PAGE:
[swift-evolution] [Review] SE-0144: Allow Single Dollar Sign as a Valid Identifier

Goffredo Marocchi panajev at gmail.com
Thu Oct 20 02:16:20 CDT 2016

Sent from my iPhone

> On 20 Oct 2016, at 07:54, Russ Bishop via swift-evolution <swift-evolution at swift.org> wrote:
>> On Oct 17, 2016, at 11:45 PM, Rien via swift-evolution <swift-evolution at swift.org> wrote:
>> “culturally offensive” is not a logical argument.
>> A programming language should be logically consistent no matter how many cultures are offended by it.
>> If Swift is driven by SJW’s then very quickly it will cease to be an effective language.
> I don’t think using “SJW” as a slur is appropriate, certainly not in swift-evolution. We aim to be an open and inclusive community. Cultural sensitivity is one of Swift’s goals; that’s why it supports Unicode identifiers… so people can use their native language if they wish. The world is not the Western Latin-1 character set.

True, but sometimes restricting yourself can bring better results. A big reason why technical and scientific progress is advancing so fast in the modern era is also attributed to people being able to rely on a common lingua franca (English today, something else in 100 years perhaps?) and very fast communication amongst people of different cultural backgrounds happening at lighting speed.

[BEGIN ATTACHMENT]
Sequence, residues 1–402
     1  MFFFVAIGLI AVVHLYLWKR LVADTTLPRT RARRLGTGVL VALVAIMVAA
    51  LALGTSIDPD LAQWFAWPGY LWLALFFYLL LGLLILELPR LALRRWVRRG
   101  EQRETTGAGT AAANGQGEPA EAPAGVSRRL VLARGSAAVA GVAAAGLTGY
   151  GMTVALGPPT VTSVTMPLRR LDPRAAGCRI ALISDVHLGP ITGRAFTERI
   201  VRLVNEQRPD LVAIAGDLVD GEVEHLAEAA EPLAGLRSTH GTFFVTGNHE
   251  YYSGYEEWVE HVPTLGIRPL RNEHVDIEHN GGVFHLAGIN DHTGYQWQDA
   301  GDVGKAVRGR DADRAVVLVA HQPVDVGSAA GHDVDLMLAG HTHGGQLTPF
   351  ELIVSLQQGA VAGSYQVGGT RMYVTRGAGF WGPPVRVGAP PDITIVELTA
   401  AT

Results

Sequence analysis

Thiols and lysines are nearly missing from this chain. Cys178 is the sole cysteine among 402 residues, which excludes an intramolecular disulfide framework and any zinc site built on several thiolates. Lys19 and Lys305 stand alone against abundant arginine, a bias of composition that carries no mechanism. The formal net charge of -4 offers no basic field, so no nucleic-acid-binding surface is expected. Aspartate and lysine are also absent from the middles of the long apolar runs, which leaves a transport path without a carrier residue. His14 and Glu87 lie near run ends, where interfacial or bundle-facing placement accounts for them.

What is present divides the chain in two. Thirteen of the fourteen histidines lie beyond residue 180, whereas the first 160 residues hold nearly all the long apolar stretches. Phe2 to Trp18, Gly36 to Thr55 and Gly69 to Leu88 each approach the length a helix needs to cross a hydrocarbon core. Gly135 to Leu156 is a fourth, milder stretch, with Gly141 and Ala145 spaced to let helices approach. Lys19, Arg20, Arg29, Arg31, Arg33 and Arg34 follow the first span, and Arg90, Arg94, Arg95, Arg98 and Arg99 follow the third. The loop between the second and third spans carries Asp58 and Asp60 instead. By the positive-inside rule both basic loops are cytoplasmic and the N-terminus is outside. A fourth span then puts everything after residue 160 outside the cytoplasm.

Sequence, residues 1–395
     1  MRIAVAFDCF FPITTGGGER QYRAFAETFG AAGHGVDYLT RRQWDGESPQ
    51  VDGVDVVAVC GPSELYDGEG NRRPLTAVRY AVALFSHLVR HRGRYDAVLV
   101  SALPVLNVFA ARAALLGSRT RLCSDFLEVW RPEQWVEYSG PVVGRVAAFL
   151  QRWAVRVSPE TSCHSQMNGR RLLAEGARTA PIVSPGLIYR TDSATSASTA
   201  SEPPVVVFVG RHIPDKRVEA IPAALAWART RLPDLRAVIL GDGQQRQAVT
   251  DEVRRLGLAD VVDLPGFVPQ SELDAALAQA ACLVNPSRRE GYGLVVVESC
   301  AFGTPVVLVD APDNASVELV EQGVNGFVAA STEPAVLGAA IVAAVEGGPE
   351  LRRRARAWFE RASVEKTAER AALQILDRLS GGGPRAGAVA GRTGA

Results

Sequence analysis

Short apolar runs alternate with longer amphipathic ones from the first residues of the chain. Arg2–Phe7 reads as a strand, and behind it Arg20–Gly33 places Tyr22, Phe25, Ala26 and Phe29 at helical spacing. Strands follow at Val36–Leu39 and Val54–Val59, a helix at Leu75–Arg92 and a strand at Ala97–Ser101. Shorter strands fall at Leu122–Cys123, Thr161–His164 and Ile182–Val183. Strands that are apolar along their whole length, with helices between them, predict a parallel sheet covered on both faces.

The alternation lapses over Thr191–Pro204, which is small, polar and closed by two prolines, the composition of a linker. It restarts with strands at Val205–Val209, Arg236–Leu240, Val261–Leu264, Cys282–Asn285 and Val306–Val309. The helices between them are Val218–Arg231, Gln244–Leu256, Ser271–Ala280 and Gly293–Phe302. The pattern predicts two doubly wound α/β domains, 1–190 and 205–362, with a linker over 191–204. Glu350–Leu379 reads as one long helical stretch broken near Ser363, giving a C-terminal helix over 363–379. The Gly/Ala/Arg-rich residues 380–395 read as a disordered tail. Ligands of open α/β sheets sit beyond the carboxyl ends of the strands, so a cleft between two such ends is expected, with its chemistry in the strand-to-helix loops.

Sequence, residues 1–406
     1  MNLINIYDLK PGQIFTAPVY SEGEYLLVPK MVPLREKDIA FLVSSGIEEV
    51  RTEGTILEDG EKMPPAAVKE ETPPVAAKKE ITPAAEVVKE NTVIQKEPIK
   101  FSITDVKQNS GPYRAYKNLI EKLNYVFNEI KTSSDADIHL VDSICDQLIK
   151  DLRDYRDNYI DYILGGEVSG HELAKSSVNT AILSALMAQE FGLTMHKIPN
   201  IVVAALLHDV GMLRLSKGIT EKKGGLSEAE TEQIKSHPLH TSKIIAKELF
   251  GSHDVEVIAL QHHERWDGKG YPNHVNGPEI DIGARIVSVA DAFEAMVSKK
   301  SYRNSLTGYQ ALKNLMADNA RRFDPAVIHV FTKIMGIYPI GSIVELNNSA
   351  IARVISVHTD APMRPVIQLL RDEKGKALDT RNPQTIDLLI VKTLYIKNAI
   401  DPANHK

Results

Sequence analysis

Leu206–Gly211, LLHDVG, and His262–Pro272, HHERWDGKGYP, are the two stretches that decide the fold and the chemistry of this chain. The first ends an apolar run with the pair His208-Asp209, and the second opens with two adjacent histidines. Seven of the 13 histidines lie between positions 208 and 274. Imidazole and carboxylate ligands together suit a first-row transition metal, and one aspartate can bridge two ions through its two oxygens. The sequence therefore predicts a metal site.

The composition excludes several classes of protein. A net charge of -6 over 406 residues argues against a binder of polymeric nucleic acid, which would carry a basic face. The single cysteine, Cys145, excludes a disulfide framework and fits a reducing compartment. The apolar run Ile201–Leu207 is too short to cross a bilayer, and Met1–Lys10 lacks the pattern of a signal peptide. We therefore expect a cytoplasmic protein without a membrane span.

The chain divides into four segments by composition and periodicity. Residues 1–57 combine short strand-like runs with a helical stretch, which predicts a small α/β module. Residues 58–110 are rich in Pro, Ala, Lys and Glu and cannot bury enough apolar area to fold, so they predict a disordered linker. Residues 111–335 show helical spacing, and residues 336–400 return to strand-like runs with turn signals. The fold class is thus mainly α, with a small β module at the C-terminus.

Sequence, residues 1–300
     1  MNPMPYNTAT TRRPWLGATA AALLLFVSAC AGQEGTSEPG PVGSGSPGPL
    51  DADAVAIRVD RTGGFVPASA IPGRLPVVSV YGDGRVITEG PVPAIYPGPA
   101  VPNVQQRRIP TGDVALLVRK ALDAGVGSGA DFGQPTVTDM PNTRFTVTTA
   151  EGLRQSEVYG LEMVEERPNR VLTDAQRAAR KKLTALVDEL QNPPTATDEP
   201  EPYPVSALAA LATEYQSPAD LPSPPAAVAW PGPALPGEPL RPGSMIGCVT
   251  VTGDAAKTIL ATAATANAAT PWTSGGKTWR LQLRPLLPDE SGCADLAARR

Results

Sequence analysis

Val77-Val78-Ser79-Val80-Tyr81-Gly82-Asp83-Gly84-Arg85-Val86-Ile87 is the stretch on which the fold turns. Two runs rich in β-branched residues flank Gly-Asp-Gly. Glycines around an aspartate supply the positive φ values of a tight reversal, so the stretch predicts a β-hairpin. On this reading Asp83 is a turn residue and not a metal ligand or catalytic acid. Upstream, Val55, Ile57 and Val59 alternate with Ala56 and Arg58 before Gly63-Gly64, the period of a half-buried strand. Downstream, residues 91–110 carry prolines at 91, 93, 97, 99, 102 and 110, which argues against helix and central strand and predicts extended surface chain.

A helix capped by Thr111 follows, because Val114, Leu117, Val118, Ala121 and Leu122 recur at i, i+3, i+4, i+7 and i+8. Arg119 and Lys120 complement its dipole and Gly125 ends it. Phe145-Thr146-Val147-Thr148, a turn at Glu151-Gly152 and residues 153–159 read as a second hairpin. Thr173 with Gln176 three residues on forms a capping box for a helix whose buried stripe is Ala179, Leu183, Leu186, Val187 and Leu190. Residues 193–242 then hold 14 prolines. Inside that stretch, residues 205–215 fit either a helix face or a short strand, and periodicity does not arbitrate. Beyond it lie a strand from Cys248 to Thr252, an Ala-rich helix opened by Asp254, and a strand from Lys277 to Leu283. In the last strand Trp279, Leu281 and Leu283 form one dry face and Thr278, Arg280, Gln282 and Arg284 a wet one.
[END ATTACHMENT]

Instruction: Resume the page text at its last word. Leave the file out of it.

People on teams resist to code guidelines for freedom of expression reasons too, but the values of standardisation are greater than what we achieve by prioritising creative expression in the form of writing all my code in kanji or using proper Italian accented characters or following my own code formatting convention... pride and fear often put people off when self imposing limitations for the greater good. English as programming lingua franca brings people together more than it suppresses valuable creative thought. 

English is obviously not my first language, but I enjoy the fact that having the documentation, developer forums, this kind of mailing lists, etc... all standardising around English as technical lingua franca is both useful, facilitate communication, and is totally not unprecedented (Latin used to be the defacto lingua franca for medicine, biology, botany, and all sorts of scientific and philosophical discussion... it did not kill the local languages and brought people together).

> None of these goals are mutually-exclusive with logical arguments; that’s a false dichotomy. 
> I’m not aware of any programming language that is 100% logically consistent. They all make concessions to programmer culture, history, practical concerns, and even opinion/whims. Python doesn’t have multi-line lambdas because Guido doesn’t like them. Even Haskell has unsafePerformIO because the real world is not a pure function. We talk about how beautiful or ugly syntax is all the time, which is absolutely a value judgement.
> Russ
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